Human touch and the future of work Werner Eichhorst is the Director of Labour Policy Europe at the independent Institute for the Study of Labour (IZA) in Bonn, Germany, the world’s largest research network in labour economics with nearly 1,500 economists from over 50 countries. What are the occupations that will be most relevant in the future? Definitely those where non-routine cognitive, interactive or manual work performed by human beings is important, ie. dealing with complexity, supervising, assessing, deciding, teaching, but also care and personal interaction. In these areas, human beings are crucial and will likely remain indispensable – not only the most highly skilled, but also in lower and medium skill segments. Humans shape these jobs based on qualification, experience, motivation and collaboration. Many jobs of the future will rely on this human factor, creating a huge potential of making these jobs ‘richer’ and more intrinsically interesting or rewarding than the jobs in the past, which were often characterized by more routine and repetitive tasks. While new technologies enable mobile working and technologically assisted interaction, we can see that communication between humans is still elementary in many respects, particularly in services tailored to individuals. Given market pressures and competitiveness considerations, there is an increasing tendency to address human creativity and motivation more systematically via organizational and human resource practices. However, on the downside, this can be more invasive to individuals and bring about more external control, e.g. through contract-based work and stricter monitoring. As human capital will matter crucially, one can see the future of paid work as a sort of ‘human capitalism.’ Although this does not automatically imply ‘human(e)’ working conditions, the decline of routine jobs opens up new room for genuinely human activities that can be organized in more or less ‘human(e)’ ways. Competition is everywhere in the economy. This puts all firms under pressure to ensure competitiveness in terms of the relation between price and quality of goods and services offered to other businesses or consumers. There are different models of competitiveness based either on quality or on cost advantages. Which way to choose depends on the market environment and on the capacities that can be built? One might distinguish between a ‘high road’ (competing on quality) and a ‘low road’ (competing on the cheapest price). This has massive implications for the types of workers needed, their qualification and working conditions. A more demanding model favouring quality and innovation, probably fitting better with the European high wage/strong human capital arrangement, requires specific skills and potentially more long-term employment relationships with workers, allowing for flexibility, but also ensuring a fair balance between effort and reward. Such more ambitious models can only be sustained if higher prices can be set on global markets for quality goods and services. This model must also place these firms in competition with firms choosing the low road with corresponding models of employment regarding skill formation, employment stability and pay. Thus, when firms adopt a more demanding business model, they will have to invest more heavily in the qualification, long-term employability and health of their workforce. This is a core requirement for the feasibility of such types of production and a type of ‘hard’ driver compared to corporate social responsibility activities that tend to be more superficial. But the sustainability of such a model basically depends on the client or consumer acceptance of a certain price for a certain quality. The reconciliation between employer and individual objectives is probably one of the core issues when it comes to the future of work. This is because skilled workers and their ability and willingness to be productive, creative and responsible are core assets of future economic activity. And these workers tend to become an increasingly scarce resource in Europe. In fact, the future of work will mostly be shaped by corporate practices aiming at productivity, innovation and speed for the sake of competitiveness. But at the same time, demands on workers cannot be increased indefinitely without creating stress and severe health problems in the long run. Physical and mental health issues have gained importance, as has the search for solutions to ensure a proper work-life balance under new economic circumstances. We know from research that job strain due to excessive demands and limited control eventually leads to severe problems in terms of employee well-being, motivation and health. Therefore, human resource policies and organisational innovations that help reconcile productivity and attractiveness of the workplace will contribute substantially to the success of firms when competition on markets (including the market for talent) is strong. To attract qualified people, work needs to be attractive in several ways: The balance of effort and reward must be perceived as fair, and employers must be flexible in negotiating with potential and incumbent workers about their working conditions, including working time patterns, mobile working, individualised career paths, targets to be achieved, building upon existing experiences and general trends observed. This creates substantial scope for flexible, negotiated solutions at the company, department or individual level. So far this tends to be a privilege for those whose skills are scarce. While allowing for individual differences and workforce diversity, firms also need to observe overall fairness in the treatment of all employees. Apart from general rules on employment conditions, it may also make sense to set incentives to internalize external effects of non-sustainable human resource policies through a bonus/malus system in sickness and disability insurance. For example, responsible behaviour of firms could be encouraged by lower employer contributions if fewer workers go on leave due to sickness or disability. Creativity and cooperation are crucial in many occupations. In a rapidly changing environment, there is a premium for quick and efficient delivery. Strict monitoring and control, often using data continuously being collected and monitored, may raise productivity in terms of reaching certain targets in the short run, but will probably not work in the long run when it comes to stimulating and supporting innovation. At the same time, we see tendencies towards the outsourcing of creativity and innovation, and attempts at a more industrialised model of the creation of ideas. This is a quite logical development in a market-driven economy. But it may imply an even heavier hand on individual workers. Research has shown consistently that autonomy and intrinsic motivation within work tasks is a core element of job satisfaction, in particular in skilled, non-routine work. Employees need appropriate control over work processes and resources to cope with job demands, deal with high work intensity and avoid negative stress, job strain and eventual health problems leading to sickness absence or disability. Work intensity and productivity are clearly related with autonomy if stress is to be avoided. In a more general sense, ‘richer’ jobs in terms of these characteristics tend to be perceived as more rewarding than classical hierarchical progression. If skills, motivation and experience at the individual level matter most, individuals have to be respected with regard to their individuality and particular strengths, but also their weaknesses. Autonomy, trust and professionalism based on skills and experience is therefore important – and more productive – than rigid hierarchical control and permanent close monitoring. Regarding the relevance of autonomy-friendly work environments on the one hand, and employee wellbeing or the avoidance of job strain on the other, we can observe major differences across sectors and across occupations, but notably also between European countries. Working conditions seem to be most employee-friendly and autonomy-oriented in Scandinavian countries (Finland, Sweden, and Denmark) and the Netherlands in terms of working time, autonomy and the avoidance of stress and job strain. These countries also have the most learning-oriented work environments. Of course, there are notable differences by sector, occupations and the skills structure of workers in different types of work organisation, but there is also a strong national influence on the way work is organised. All in all, these countries tend to have models of work that are, on average, better prepared for the future than elsewhere. Many other countries have large untapped potentials when it comes to ‘modernizing’ work arrangements to meet future requirements. The future world of work will certainly be demanding – perhaps more so than in the past – on individuals, but it will also offer many new opportunities. All jobs are potentially subject to change and can become obsolete. Rather than absolute security of employment, there is a permanent situation of trial, probation and assessment. Future jobs can still be long-term and permanent, of course, but this is no longer guaranteed. In many cases, future work will be fluid and virtually unlimited in its interaction or integration with the rest of life – with a stronger emphasis on subjective involvement, requiring self-organisation, professionalism, articulation and communication. This is particularly relevant for knowledge- and project-based work. To cope with these demands, education and life-long training matter – not only formally, but also informally based on practical experience in similar non-routine work. These jobs are potentially rewarding as they allow for tasks to be shaped individually according to talent, taste or style. However, while full engagement and identification are seen as desirable and competitive assets, this raises psychological issues in terms of stress, potential exhaustion and mental health. The demands of the new world of work will require a more in-depth discussion of these issues. The future world of work will reward the psychological disposition to work effectively under demanding conditions for a long period of time. To some extent we are already seeing this now: Heavy subjective involvement and deep identification with the job can be characteristics of a high performer, but this may also lead to mental health problems, stress and burnout symptoms in the long run. Moreover, there are naturally differences across workers in terms of preferences regarding work and life boundaries, working conditions and employment types. But there are also notable differences in talents and mental capacities to cope with the demands of the labour market. Preferences for a proper work-life balance, expectations regarding job satisfaction, and mental health issues are at the core of people’s ability and willingness to cope and adapt to the modern world of work. Individuals must learn to perceive and articulate their needs, to see potential risks, and to set limits for themselves and co-workers. It is important that individuals not only learn how to shape the way they work, but also how to bear responsibility for themselves and others. The reconciliation between employer and individual objectives is probably one of the core issues when it comes to the future of work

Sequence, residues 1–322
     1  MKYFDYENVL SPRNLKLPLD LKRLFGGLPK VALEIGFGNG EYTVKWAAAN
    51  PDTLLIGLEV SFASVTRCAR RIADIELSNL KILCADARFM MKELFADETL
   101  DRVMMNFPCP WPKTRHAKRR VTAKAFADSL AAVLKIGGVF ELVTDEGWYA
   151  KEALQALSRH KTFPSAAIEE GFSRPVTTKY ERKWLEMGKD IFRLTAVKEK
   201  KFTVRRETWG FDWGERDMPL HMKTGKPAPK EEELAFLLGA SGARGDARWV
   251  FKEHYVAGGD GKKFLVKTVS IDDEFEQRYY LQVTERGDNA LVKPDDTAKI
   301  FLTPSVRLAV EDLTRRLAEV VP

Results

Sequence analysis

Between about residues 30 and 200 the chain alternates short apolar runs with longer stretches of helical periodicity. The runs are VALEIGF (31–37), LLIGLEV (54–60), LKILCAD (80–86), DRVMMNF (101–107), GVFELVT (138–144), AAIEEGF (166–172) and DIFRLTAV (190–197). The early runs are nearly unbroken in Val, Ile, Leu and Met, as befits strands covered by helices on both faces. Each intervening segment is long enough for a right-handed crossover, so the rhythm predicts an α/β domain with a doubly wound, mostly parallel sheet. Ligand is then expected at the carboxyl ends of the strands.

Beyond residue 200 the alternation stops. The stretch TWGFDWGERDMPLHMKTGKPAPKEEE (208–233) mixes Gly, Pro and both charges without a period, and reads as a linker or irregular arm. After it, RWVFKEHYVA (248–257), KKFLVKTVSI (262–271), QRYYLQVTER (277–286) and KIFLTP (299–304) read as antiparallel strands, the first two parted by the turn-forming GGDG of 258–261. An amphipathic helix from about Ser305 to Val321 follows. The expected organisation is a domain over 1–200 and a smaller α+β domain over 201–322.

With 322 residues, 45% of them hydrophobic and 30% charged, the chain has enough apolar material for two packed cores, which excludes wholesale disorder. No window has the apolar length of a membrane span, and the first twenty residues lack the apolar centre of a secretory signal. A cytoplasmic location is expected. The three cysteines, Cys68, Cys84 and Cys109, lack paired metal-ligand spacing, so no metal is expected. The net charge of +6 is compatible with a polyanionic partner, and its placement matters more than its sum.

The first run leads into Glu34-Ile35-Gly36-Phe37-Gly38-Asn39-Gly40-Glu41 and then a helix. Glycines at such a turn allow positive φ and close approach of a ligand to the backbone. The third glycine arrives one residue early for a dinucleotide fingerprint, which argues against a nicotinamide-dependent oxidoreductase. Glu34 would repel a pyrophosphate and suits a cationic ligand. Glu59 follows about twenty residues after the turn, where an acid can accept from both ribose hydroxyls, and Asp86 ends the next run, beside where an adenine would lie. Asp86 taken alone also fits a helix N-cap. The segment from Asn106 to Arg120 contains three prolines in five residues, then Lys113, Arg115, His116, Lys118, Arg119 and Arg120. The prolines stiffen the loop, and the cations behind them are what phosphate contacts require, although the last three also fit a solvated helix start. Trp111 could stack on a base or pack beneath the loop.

Graph 1. Workplace NOT dependent on the direct control of your boss Source: Eurofound, EWCS 2010, question q46e Graph 2. Team members decide by themselves on the division of tasks Source: Eurofound, EWCS 2010, question 57a